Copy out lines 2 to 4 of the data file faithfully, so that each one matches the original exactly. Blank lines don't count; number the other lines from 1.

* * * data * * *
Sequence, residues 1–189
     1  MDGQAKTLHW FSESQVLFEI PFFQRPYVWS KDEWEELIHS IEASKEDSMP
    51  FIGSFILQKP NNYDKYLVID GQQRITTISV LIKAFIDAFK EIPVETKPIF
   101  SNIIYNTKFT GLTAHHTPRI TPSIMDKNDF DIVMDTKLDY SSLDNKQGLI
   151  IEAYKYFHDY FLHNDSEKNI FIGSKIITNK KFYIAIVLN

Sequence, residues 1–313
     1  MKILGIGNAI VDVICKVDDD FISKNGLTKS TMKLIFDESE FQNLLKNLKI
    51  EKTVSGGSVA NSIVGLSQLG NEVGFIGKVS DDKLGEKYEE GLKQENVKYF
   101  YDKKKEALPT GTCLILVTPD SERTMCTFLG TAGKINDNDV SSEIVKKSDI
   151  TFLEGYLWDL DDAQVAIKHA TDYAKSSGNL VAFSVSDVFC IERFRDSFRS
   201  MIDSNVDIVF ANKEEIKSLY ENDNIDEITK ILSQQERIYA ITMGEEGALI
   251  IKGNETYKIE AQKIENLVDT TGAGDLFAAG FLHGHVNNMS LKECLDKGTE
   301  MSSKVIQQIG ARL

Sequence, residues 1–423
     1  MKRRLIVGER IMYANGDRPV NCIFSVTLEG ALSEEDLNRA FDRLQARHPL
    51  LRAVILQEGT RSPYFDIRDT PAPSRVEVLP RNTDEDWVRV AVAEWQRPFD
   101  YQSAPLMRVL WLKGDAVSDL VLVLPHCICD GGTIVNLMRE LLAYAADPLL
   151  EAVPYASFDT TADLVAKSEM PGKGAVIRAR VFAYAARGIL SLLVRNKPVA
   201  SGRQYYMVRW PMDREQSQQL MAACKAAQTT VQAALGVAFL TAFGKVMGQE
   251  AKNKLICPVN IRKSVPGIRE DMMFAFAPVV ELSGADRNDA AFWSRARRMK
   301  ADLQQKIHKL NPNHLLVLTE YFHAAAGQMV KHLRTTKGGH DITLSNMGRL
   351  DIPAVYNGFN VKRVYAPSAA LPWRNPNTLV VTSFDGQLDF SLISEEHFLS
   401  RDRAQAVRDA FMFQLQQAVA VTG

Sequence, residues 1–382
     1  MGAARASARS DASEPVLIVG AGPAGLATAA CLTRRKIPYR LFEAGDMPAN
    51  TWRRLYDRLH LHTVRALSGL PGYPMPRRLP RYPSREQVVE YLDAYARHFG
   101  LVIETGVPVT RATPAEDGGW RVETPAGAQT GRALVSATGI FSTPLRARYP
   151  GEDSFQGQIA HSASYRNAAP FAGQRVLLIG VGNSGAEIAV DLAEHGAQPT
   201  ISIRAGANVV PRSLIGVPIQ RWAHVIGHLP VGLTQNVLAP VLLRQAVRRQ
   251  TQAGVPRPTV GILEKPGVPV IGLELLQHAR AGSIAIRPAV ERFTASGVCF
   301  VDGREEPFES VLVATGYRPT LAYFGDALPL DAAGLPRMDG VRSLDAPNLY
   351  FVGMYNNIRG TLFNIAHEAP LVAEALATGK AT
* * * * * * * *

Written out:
     1  MDGQAKTLHW FSESQVLFEI PFFQRPYVWS KDEWEELIHS IEASKEDSMP
    51  FIGSFILQKP NNYDKYLVID GQQRITTISV LIKAFIDAFK EIPVETKPIF
   101  SNIIYNTKFT GLTAHHTPRI TPSIMDKNDF DIVMDTKLDY SSLDNKQGLI